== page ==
• Next, add some medium grey shadings and color patches. Just brush right over the white paint and blend as you go.
  • When the light grey is done, add in some black to the darkest areas. The medium grey shade can blend out some depending on the final desired color, but the black needs to be kept very confined. Keep the black roughly shaded so that it is variegated in tone.
  • With all of the colors blocked and crudely shaded in, go back over the entire paint job very lightly with a soft brush to smooth things out. This final step is not done for later coats, but for now it helps to keep things smooth.

And that's it for the basecoat! The basecoat is done and needs to be set aside for drying. Where I live that takes about a day or a little less for a dapple grey, but it will vary depending on location and how much drier is used. Next week we'll cover paint blocking and blending techniques in more detail.

Friday, July 17, 2009

Friday Tip

Dogs* love oil based clay. For some reason, they like to eat it. Maybe they like other clays too, I don't know. But I do know for sure that Chavant NSP is a delicacy best kept away from your canine companions. Maybe even your feline friends as well, though so far they have ignored it in my experience. I'm sure I don't need to tell you what prompted today's Friday Tip!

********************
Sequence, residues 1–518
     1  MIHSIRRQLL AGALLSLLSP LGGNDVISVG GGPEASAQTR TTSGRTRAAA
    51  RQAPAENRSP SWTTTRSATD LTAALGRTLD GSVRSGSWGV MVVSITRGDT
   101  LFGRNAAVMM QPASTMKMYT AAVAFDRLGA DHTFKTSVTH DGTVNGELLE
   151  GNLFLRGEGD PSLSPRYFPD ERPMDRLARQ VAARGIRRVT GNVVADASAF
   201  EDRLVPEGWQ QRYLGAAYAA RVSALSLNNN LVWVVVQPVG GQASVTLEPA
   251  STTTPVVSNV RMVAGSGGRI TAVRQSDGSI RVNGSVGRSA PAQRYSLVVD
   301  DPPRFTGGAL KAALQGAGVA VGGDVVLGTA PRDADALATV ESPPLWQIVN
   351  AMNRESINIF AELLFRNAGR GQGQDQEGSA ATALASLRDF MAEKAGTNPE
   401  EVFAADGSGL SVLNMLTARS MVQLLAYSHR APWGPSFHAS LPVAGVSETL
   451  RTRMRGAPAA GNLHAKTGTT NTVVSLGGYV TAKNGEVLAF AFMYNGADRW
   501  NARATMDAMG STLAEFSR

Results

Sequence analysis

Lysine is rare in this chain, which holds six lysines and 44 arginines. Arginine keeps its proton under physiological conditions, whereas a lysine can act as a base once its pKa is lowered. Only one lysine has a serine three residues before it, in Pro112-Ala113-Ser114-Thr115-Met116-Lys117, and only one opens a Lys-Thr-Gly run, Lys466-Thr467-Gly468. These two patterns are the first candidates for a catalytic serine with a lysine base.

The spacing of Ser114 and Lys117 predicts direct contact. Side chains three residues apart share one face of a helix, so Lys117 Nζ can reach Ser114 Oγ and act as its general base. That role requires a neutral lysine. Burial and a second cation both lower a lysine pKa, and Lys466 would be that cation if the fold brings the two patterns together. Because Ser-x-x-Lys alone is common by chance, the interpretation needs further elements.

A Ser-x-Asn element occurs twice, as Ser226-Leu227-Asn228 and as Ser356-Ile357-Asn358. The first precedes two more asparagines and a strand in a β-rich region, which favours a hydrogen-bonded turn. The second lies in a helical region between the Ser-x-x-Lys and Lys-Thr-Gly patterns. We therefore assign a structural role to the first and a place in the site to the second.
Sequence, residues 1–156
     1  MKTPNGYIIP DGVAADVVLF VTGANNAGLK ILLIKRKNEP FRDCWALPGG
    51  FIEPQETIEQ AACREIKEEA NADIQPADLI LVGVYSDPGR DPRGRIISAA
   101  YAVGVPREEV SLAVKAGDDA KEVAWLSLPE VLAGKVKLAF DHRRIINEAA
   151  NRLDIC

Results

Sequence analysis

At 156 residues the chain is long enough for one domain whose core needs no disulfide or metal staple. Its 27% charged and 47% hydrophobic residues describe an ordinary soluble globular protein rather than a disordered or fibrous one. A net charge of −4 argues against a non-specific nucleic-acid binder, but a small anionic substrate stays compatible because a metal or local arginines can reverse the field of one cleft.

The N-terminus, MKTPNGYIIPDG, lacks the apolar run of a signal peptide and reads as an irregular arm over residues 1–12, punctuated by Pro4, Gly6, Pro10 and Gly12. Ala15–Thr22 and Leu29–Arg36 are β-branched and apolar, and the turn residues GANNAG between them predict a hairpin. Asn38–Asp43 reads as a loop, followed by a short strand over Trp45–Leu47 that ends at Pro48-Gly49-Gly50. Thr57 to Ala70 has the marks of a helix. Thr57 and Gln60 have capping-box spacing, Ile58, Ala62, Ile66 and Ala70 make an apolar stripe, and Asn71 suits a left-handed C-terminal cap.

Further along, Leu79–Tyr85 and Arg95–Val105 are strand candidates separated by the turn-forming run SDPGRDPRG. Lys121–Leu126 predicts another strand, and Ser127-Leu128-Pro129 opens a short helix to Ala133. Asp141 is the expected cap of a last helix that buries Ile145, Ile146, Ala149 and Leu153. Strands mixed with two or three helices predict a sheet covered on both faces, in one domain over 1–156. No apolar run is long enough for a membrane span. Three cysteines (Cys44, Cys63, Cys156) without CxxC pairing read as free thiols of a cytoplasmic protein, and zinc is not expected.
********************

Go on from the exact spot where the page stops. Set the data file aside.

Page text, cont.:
*Note the plural - oh yes, this has happened with more than one dog! My sweet little angel Shelby up there was only the first to savage a sculpture.

Friday, July 10, 2009

Return of the Friday Tip

Why hello there! Sorry to leave you all hanging. I didn't realize it was going to take me quite so long to recuperate from my NAN vendor preparations and blogging was really the last thing on my mind. But now I am back and ready to go again! Speaking of working hard, this week's Friday Tip deals with being as efficient around your work area as possible and juggling projects during crunch-time. You will discover what works best for you, but here are my strategies you can try!